Spot of bother? Let's talk ACNE.

Posted: 21/01/2020

Acne effects nearly everyone in our society and as we all know is typically at its worst during our teen years. Roughly a third of women still have acne into their 30’s and around 1 in 20 continue to have spots into their forties and beyond. We’re also seeing more acne in infants and pre-pubertal children than we did just ten years ago.

Acne can have a devastating effect on an individual’s self-confidence and mood, as well as limiting career options. However, it can nearly always be very well controlled or indeed ‘cured’ with effective therapy.

For years, doctors have denied any link with diet, despite our patients being convinced that certain foods make it worse. How many of us remember a rotten outcrop of spots after a binge of chocolate at Easter? Well, there is now robust evidence that our Western lifestyle and diet does aggravate acne - especially food such as chocolate (cocoa powder in particular) and other refined sugars. Whey protein is used to fortify and thicken skimmed milk and drinking large quantities of that makes things worse, as too does large amounts of ice-cream. The diet of the Kitavan Islanders in Papua New Guinea contains a lot of fish and virtually no available sugars and acne is non-existent in this population!

The inflammation in acne is deep in the skin. Attacking a whitehead by picking or squeezing it, can only rupture this into or through the skin causing a lot of damage. That can only heal with a scar. Understandably, there is a need to cover things up, especially when going out, but many make-ups are ‘comedogenic’ (i.e. clog up the pores) and will make things worse unless they are thoroughly removed before going to sleep. Some make-up is ‘non-comedogenic’ (the Clinique and Neutrogena ranges for example) and these should be preferred.

Many forms of hormonal contraception aggravate acne, some really quite markedly. The older (cheaper) forms of the combined pill are notoriously bad, but still appear to be recommended by many doctors despite ongoing significant acne, perhaps because of the 1995 ‘pill scare’? That study has now been shown to be confounded, unreliable and should never have been published, yet alone publicised so enthusiastically by the media. Some forms of the combined pill are actually licensed for treating acne (including those that were the focus of that damaging study) and should generally be preferred if there is any active acne.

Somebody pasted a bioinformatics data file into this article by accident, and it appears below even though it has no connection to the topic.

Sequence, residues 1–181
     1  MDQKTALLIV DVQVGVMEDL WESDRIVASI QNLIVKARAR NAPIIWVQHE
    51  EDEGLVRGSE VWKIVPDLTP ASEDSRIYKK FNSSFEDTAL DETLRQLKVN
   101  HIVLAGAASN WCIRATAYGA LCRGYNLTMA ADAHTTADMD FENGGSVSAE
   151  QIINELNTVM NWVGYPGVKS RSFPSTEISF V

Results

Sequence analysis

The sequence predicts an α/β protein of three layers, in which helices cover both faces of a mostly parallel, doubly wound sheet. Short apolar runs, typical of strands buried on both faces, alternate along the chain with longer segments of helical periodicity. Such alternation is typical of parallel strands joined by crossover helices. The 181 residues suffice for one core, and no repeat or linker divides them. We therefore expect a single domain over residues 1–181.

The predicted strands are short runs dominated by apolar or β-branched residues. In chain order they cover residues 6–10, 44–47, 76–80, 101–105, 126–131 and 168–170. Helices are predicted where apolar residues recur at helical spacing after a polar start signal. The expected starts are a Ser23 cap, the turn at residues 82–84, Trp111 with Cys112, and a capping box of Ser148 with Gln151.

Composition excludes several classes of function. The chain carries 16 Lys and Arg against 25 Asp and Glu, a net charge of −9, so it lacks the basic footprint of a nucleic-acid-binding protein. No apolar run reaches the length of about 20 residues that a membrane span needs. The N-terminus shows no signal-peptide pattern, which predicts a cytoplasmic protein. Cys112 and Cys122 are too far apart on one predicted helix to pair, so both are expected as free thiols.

All patients with acne should be on a topical retinoid product (preferably not whilst pregnant) if their acne is bothering them. These target the ‘precursor lesions’ and unblock the pores. They can be a little irritant initially, so it is wise to introduce them gradually to allow tolerance to develop. Usually they can be left on overnight, every night within a few weeks of starting. They should be applied once a day, at bedtime, to any area of skin that has ever had a spot as they prevent new spots, they’re less good at treating existing spots. My favourite is Adapalene (Differin) as it is the least irritant and unlike the alternatives, doesn’t cause sensitivity to sunlight.

Benzoyl peroxide is a topical treatment for acne. It is powerfully antiseptic against the bacteria that cause the inflammation and is a superb additional topical agent, especially for any patients who is using an antibiotic to treat their acne. Being a peroxide it will bleach fabrics etcetera, so it is important to use an old flannel, for example, to dry your hands after applying this. It is combined at the optimal strength with Adapalene in a product called Epiduo.